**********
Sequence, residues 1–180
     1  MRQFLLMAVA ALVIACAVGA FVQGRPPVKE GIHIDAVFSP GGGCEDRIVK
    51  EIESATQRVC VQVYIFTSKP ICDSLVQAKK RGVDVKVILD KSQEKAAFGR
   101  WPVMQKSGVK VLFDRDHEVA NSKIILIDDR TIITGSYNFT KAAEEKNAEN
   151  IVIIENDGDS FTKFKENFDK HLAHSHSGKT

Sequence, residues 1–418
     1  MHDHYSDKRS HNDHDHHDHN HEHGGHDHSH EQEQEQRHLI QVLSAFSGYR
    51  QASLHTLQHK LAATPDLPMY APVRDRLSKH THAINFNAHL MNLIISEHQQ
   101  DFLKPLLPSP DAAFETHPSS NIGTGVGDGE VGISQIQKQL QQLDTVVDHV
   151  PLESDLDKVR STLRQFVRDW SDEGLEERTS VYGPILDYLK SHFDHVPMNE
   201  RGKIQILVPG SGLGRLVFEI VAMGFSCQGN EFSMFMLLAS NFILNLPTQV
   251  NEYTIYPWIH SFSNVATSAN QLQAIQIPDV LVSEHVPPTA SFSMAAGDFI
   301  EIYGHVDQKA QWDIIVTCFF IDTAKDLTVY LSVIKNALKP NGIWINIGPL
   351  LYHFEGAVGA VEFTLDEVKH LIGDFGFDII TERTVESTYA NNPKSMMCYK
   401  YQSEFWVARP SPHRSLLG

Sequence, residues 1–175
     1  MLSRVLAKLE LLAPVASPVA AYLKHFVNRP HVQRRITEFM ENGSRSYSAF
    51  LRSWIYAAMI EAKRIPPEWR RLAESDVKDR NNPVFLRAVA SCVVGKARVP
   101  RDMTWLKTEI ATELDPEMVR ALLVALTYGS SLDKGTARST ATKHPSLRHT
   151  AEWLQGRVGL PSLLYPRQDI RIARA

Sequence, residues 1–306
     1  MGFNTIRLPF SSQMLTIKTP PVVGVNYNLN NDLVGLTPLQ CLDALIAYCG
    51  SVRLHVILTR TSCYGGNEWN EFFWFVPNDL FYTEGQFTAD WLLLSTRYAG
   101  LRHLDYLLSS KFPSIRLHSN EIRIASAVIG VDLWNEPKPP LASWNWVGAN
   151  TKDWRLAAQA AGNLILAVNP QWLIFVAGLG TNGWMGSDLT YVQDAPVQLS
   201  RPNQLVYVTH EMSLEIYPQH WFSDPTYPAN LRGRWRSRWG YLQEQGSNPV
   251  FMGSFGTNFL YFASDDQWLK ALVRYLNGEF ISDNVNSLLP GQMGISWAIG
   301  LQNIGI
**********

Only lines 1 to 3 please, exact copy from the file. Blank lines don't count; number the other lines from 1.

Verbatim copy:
Sequence, residues 1–180
     1  MRQFLLMAVA ALVIACAVGA FVQGRPPVKE GIHIDAVFSP GGGCEDRIVK
    51  EIESATQRVC VQVYIFTSKP ICDSLVQAKK RGVDVKVILD KSQEKAAFGR